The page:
The Nebraska defense did a complete turnaround midway through the second quarter. Or was it a result of who was lining up under center for the Buckeyes?
Braxton Miller rushed for negative 27 yards against Michigan State two weekends ago. The Ohio State Buckeyes have been waffling this season on who the starting quarterback should be.
Where was that Saturday?
Miller and the Buckeyes front gave the Nebraska defense fits in the first half. At halftime, the true freshman had 79 rush yards on seven attempts for an 11.3 yard per carry average. The OSU team on the field looked nothing like the team that gained just 178 yards last weekend against the Spartans.
"They wanted it," Ohio State coach Luke Fickell said. "They were focused. This was the best I had seen them on a Friday night. Just everything. They know what it is about. They didn't like how they played last week."
OSU sucked nearly eight minutes off the clock on its first possession and finished with a field goal. The Buckeyes had 36 yards rushing on the opening drive, which was one yard more than their four-quarter total against MSU.
Miller found Jake Stoneburner for a 32-yard score on the Buckeyes' next possession to give OSU a 10-3 lead. Running back Carlos Hyde added a 63-yard score with 12:46 remaining in the second quarter.
On OSU's first two scores, the Buckeyes were able to break through NU's first line of defense and were nearly untouched to the end zone.
"It was one guy after another in the first half missing a tackle here, a tackle there, a missed assignment here," NU coach Bo Pelini said. "We had a lot of breakdowns."
The Huskers changed up their front on defense a little bit to counter OSU's heavy power-running game, NU defensive line coach John Papuchis said. Defensive tackles Jared Crick and Baker Steinkuhler spent time lining up on the end of the line.
"We wanted to be able to play both a four-man front and a three-man front without having to sub a whole lot," Papuchis said.
Nebraska's preparations didn't appear to be working too well early on. Miller was able to dance around the pocket and create extra yardage with his feet. OSU only had two negative yards through the running game in the first half.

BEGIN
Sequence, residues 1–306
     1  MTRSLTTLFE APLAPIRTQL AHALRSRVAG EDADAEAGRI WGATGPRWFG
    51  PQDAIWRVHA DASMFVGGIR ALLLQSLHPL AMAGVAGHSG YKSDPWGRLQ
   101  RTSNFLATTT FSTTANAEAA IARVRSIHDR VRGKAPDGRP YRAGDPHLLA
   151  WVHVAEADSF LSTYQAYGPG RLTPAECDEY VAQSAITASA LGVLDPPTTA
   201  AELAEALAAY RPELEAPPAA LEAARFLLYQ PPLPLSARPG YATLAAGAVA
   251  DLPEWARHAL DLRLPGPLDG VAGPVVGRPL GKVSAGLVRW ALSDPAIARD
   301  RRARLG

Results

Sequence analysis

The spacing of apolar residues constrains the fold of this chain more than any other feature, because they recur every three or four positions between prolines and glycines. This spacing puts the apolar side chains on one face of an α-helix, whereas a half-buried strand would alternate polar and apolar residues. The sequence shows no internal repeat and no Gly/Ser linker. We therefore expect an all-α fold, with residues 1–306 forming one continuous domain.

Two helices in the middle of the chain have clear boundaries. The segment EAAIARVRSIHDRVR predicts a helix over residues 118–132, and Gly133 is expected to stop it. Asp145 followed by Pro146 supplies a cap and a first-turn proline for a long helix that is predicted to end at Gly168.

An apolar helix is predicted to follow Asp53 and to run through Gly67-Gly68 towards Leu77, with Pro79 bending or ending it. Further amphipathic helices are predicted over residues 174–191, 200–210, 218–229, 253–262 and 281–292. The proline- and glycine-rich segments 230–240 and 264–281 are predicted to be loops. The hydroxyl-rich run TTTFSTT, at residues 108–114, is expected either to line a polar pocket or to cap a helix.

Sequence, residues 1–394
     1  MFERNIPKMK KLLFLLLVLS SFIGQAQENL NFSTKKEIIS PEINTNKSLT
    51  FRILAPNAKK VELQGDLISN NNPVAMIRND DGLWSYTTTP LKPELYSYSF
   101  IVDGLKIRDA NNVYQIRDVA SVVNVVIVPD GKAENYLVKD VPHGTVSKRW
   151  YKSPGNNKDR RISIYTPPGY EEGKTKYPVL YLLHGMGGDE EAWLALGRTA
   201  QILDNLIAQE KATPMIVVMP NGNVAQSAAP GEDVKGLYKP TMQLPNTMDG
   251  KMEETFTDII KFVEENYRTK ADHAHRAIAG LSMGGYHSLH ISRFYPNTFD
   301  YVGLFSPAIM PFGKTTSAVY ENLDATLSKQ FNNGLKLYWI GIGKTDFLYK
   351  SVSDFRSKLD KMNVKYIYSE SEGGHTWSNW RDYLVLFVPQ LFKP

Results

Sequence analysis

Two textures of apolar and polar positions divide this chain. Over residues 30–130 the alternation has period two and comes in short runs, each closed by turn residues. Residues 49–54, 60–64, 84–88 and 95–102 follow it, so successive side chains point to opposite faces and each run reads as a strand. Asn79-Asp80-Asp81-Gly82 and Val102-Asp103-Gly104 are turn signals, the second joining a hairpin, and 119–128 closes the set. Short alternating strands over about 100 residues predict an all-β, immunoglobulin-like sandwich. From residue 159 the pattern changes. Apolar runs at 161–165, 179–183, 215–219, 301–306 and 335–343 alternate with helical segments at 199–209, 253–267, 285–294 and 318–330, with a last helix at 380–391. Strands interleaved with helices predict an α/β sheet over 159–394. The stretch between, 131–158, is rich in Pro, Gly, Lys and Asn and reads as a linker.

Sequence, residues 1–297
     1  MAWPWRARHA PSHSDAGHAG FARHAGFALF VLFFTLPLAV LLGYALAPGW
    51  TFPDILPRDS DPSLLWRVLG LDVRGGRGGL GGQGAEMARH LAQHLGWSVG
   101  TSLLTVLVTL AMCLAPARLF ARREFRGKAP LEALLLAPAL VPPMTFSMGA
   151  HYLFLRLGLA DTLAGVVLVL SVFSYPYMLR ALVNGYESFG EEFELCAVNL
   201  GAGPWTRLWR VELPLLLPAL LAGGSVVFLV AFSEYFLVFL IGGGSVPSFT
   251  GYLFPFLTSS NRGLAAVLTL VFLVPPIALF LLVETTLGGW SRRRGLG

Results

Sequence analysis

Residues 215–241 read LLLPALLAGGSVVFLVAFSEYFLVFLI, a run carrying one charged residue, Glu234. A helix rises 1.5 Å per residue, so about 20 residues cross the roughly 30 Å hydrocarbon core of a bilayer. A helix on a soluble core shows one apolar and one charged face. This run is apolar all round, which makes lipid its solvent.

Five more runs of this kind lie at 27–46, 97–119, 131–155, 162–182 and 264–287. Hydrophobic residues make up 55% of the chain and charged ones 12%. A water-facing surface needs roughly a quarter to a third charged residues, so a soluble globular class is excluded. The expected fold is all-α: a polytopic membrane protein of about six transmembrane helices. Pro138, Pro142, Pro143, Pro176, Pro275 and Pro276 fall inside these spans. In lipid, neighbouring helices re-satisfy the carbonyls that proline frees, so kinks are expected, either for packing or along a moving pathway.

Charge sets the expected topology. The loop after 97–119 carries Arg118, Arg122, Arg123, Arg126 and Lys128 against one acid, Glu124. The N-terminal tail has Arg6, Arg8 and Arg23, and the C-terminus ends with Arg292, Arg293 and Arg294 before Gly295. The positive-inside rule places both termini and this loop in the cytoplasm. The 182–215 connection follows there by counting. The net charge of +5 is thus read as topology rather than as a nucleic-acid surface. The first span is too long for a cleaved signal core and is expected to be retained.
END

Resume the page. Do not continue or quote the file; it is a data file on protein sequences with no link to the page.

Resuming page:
"They did some things with him in the quarterback run game that they hadn't showed," Papuchis said. "We were anticipating that would be a possibility because he is such a tremendous athlete. You do your best to prepare for all the things you expect to see."
Ohio State scored again on its first second half possession sandwiched between two NU three-and-outs. Miller had a critical 27-yard competition on third down to keep the drive alive.
But Lavonte David changed the momentum with his forced fumble and recovery. Then Miller left the game with an ankle injury after Sean Fisher brought him down for a two-yard loss.
Enter Joe Bauserman. Exit Ohio State's offense.
The Buckeyes gained only three first downs after Miller left the game. They didn't score and Bauserman went 1-for-10 passing in a more than a quarter of playing time.
"When they were getting us early with the quarterback draw early in the game, that was well executed on their part and I thought we continually looked for ways to make adjustments for that," Papuchis said.
"When he went out, that concern went away."
The Buckeyes gained 39 yards with Bauserman under center. The Husker defense played with more aggression and energy after David's forced turnover. It played with more confidence after Miller left the game.
Maybe OSU quarterback woes were just what Nebraska's defense needed to start moving in the right direction.
"I wouldn't say we made any major adjustments," safety Austin Cassidy said of the defense's effort. "We started making tackles and stopped blowing assignments. Maybe some guys had enough and just said, ‘Let's go. It's now or never.'"